It’s been said that the month of August is one long Sunday night for teachers. So that means that summer is like a much-needed weekend after a long week, and now the vacation is coming to an end. While there is, of course, excitement as a new school year approaches, most teachers experience some back-to-school anxiety. Here are six signs you’re a teacher in August:
1. You’re having teacher dreams.
You wake up in the middle of the night drenched in a cold sweat. For the third time this week, you had the recurring nightmare that you showed up on the first day of school without anything planned. Or you went to speak to your students and your voice didn’t work. Or the worst teacher dream of all: You stood in front of your new students and looked down to find that you are naked.
Fueled by all the thoughts of school that have been suppressed for two months, teacher dreams are your brain’s way of reminding you it’s time to get back to work.
2. The employees at Michaels (and Target and … ) know you by name.
You found some plans to make really cool seats for your classroom and so ran to the store to buy the materials to make them. And when you were taking a lunch break, you went on Pinterest and saw some DIY pencil holders, so you ran back out to Michaels. Then you were inspired to have your class keep reading journals and stocked up on spiral notebooks. Before you knew it, the $25 supply budget your principal gave you for the year had been used on the day’s the fuel costs.
3. You haven’t sat down for this long in a year.
Yes, it’s professional development time. For some reason, you had this notion that you would spend the week decorating your classroom, kicking out some lesson planning, setting up an organization system, and maybe getting reacquainted with staff members you haven’t seen all summer.
Silly you. None of that happened. Instead you sat through 40 hours of professional development, sneaking in lesson planning when the facilitator wasn’t looking and lamenting to your coworkers about the drudgery of staff in-services. It’s okay. though. You can decorate your classroom next year when you have a week of planning time before the school year—right?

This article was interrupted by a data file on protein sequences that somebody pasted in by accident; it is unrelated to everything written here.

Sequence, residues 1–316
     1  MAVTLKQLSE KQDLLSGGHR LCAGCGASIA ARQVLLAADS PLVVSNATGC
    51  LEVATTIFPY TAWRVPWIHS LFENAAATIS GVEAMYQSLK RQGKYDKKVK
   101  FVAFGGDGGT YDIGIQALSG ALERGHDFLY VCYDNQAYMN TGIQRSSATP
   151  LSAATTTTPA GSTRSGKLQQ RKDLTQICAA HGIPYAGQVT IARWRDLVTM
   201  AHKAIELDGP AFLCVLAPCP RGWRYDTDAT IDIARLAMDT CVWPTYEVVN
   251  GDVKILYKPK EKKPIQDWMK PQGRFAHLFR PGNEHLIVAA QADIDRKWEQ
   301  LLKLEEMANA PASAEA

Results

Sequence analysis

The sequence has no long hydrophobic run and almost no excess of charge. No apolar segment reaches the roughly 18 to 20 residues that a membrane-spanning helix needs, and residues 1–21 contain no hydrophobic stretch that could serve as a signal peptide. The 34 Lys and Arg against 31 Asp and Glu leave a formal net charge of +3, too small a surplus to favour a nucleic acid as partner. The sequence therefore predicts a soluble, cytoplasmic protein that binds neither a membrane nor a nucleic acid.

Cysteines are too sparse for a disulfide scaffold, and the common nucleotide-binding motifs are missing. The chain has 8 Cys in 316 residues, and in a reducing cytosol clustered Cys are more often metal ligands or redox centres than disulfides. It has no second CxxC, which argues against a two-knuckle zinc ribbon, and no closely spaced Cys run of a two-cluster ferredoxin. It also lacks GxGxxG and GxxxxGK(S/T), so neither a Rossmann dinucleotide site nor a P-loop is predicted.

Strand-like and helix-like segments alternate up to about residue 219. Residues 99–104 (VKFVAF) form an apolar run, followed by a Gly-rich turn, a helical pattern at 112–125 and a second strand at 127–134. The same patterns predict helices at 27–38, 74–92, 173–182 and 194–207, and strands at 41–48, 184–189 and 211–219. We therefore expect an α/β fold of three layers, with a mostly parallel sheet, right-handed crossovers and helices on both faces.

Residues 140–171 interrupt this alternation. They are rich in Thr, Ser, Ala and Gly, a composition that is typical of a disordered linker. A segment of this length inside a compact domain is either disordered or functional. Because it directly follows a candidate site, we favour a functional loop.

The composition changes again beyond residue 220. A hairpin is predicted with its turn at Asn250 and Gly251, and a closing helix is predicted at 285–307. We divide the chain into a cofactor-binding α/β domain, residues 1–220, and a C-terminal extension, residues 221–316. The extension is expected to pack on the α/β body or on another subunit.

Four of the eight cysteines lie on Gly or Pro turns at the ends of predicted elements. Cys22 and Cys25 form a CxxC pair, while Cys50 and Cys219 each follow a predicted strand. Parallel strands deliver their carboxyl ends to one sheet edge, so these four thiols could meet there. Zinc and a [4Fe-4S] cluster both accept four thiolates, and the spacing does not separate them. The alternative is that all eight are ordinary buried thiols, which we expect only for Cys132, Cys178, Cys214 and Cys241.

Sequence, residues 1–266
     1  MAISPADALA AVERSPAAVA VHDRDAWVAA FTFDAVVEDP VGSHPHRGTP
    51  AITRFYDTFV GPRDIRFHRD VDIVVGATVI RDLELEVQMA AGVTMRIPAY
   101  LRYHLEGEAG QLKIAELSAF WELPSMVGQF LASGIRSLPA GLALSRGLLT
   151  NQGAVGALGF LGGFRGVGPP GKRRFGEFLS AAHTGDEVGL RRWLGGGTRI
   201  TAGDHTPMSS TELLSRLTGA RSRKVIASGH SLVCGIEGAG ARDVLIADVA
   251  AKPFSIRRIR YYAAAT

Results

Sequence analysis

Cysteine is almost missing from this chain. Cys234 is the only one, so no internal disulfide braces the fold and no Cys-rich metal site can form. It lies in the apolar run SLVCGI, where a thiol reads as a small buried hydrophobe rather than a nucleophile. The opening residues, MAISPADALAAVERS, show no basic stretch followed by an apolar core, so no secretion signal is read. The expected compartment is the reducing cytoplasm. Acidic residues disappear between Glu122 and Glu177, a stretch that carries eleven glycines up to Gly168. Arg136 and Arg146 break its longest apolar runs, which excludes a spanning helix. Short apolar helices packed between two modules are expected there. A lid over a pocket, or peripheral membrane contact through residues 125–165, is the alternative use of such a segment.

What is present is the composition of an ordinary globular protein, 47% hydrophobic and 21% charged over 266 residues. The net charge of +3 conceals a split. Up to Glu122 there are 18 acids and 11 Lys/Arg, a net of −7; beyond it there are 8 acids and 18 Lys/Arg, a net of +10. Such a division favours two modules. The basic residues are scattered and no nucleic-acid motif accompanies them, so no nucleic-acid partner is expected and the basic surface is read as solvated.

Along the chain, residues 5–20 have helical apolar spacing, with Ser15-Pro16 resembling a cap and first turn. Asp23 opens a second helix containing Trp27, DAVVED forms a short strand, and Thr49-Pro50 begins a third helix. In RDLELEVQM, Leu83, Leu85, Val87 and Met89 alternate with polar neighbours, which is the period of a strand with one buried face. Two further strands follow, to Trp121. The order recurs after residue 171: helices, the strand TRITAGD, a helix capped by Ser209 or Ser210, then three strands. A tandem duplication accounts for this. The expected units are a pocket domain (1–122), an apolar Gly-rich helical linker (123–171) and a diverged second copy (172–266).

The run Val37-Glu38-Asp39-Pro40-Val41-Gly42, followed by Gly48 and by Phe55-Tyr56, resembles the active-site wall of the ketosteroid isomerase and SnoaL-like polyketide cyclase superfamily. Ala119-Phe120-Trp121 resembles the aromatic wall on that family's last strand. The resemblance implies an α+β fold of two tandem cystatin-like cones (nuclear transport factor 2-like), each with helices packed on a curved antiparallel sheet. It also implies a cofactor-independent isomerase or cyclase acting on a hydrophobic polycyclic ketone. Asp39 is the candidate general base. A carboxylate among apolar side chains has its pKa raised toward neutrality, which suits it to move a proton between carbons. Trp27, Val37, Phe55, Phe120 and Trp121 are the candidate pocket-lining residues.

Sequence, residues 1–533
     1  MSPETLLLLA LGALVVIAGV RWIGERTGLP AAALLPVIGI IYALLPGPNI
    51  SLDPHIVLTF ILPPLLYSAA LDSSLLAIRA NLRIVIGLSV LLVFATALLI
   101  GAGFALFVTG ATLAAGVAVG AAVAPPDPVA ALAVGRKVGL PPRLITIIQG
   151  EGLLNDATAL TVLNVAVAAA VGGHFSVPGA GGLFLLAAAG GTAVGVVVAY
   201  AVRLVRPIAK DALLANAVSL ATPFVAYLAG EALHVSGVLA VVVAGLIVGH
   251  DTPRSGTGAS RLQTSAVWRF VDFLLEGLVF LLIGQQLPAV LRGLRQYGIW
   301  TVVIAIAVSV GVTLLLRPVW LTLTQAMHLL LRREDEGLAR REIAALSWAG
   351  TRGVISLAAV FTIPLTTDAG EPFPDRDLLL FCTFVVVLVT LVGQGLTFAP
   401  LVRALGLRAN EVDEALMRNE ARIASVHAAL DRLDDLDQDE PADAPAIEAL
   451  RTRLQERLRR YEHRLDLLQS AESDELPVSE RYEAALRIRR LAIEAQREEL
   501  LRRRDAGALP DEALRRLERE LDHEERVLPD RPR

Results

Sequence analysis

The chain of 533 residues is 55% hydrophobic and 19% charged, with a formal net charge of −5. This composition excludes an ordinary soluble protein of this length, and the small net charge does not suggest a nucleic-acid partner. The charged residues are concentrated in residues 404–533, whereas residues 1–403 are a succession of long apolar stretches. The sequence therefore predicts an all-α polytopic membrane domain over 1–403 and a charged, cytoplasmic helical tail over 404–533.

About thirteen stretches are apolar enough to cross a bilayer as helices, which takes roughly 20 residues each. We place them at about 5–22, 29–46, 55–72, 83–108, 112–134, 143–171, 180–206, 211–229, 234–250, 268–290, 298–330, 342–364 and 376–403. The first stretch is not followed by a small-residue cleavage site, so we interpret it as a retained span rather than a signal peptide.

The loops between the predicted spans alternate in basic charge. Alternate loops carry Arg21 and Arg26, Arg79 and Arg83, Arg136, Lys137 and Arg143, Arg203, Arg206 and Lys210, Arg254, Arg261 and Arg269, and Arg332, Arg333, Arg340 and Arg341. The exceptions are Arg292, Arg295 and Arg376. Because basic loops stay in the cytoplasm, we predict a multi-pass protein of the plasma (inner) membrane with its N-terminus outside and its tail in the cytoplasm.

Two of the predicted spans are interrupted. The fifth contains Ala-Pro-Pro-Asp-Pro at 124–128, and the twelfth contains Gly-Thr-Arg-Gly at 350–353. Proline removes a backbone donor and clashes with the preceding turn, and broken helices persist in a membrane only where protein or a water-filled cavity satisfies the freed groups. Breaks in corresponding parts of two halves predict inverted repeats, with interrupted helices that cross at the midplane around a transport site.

4. Your inbox has 24,000 unread emails.
You made a commitment back in June not to check your work email this summer and to be intentional about taking a break. Good for you. That’s what summers are for.
Now it’s time to pay for that. You didn’t think administration, parents, students, the central office, healthcare providers, insurance companies, etc. were going to leave you alone for two months, did you? Here’s a simple trick: Select check all and mark every email as read.
(You can also check out our sample email templates here.)
5. You’re learning about blood-borne pathogens for the 90th time.
How many years have you been teaching? 10? 20? 30? You’d think you’d understand what blood-borne pathogens are by now. But in case you don’t, take this training again.
6. You’re catching up on lesson planning that didn’t happen all summer.
You brought your laptop to the beach because you were going to knock out a unit or two for the first semester. But then you discovered an open bar by the pool and found a great novel to read by the ocean.
Now it’s August, and it feels like you’re cramming for an exam coming up at the end of the month. Not that you would change how you did vacation, but it sure would be nice if those lesson plans were written right now.
Summer is a wonderful and necessary part of being a teacher. It is a time to recharge after the work of the school year, and it’s natural for there to be some anxiety as this time comes to an end. In the midst of the lesson planning, staff meetings, and classroom preparation, remember that the work you do is important, and the time you are putting in now will have a lasting impact on every one of your students.
Except maybe the blood-borne pathogens training. The work you put in on that 10 years ago was probably sufficient.
We’d love to hear—what are some other signs you’re a teacher in August? Come and share in our WeAreTeachers HELPLINE group on Facebook.